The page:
Most girls have had those terrifying few days of your period being late and your brain going crazy. If you asked my friends I’m generally a rational person but for some reason this time I was panicking. While I was sat in the library trying to revise for my A levels, all I could think about was my late period and the agonising back pain I was in. It was only three days after my period was due that I took the test, but for some reason I had an instinct that something wasn’t right. I texted my mum and asked her to get a pregnancy test, I left the library early and did it as soon as I could. It didn’t even take the 2 minutes that the packet suggests for the two red lines to appear.
I couldn’t stop laughing, not because I thought it was funny but because it’s how I deal with all my emotions: guilt, anger, hurt, no mater what I just laugh. I became more hysterical and eventually the tears broke. This couldn’t be happening to me, my A levels were in two months and on top of that I wasn’t in a relationship. Within 10 minutes of me finding out my mum dragged me off the floor and had me looking up the number of my nearest clinic and calling to book the initial appointment to get an abortion.
The next day I was just in utter shock, I couldn’t believe it had happened. I could not be more thankful to my best friend who dropped her day working in the library to come sit on my living room floor with me all day. She didn’t make me talk, she didn’t force me to shake it off, she was just there for me and I knew it. She continued to be my main source of support through the whole process and I could never make her understand how grateful I am for the way she supported me.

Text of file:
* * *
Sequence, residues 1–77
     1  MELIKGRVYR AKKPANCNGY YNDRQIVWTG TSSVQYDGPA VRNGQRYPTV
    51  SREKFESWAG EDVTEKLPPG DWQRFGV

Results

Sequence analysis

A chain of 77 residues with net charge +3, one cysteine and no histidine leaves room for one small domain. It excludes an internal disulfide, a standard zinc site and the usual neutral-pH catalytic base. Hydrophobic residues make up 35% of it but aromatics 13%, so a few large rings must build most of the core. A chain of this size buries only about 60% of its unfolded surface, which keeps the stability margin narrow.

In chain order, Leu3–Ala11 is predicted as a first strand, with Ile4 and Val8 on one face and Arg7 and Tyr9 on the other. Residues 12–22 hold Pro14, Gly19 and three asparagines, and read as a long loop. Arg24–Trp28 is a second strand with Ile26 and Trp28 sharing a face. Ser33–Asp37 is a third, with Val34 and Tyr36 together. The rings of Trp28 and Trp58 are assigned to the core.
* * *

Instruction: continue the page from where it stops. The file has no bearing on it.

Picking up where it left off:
Having to tell the father was really hard, partially because he was away on holiday. When I asked him to come round to chat he caught on straight away. I was reluctant to talk about it over text as I knew he was with his friends and it’s not really the best way to have that conversation. He agreed to come over soon as he got back and didn’t forget to remind me of his feelings on the situation:
He wanted me to have an abortion.
He seemed quite shocked that I didn’t put up a fight about keeping the baby but really I wasn’t given the time to think about it. My mum seemed sure it was right and I certainly knew he wouldn’t want me to keep it. And frankly at the time I think I was quite happy that other people were making this decision for me, my head was going to explode with the stress of exams and excitement of end of school events.
Within a week we were rushing from school to the clinic for the first appointment. They confirmed I was pregnant and helped me to calculate a rough estimate of being 5 weeks pregnant. I was sent off with a form and a number to call so that I could find a hospital clinic to go to for the actual abortion. I called up the next day and they had two options I could either have an appointment on the opposite side of London in 5 days or I would have to wait 3 weeks for my local hospital. Neither of these were good options but I went with the three week wait.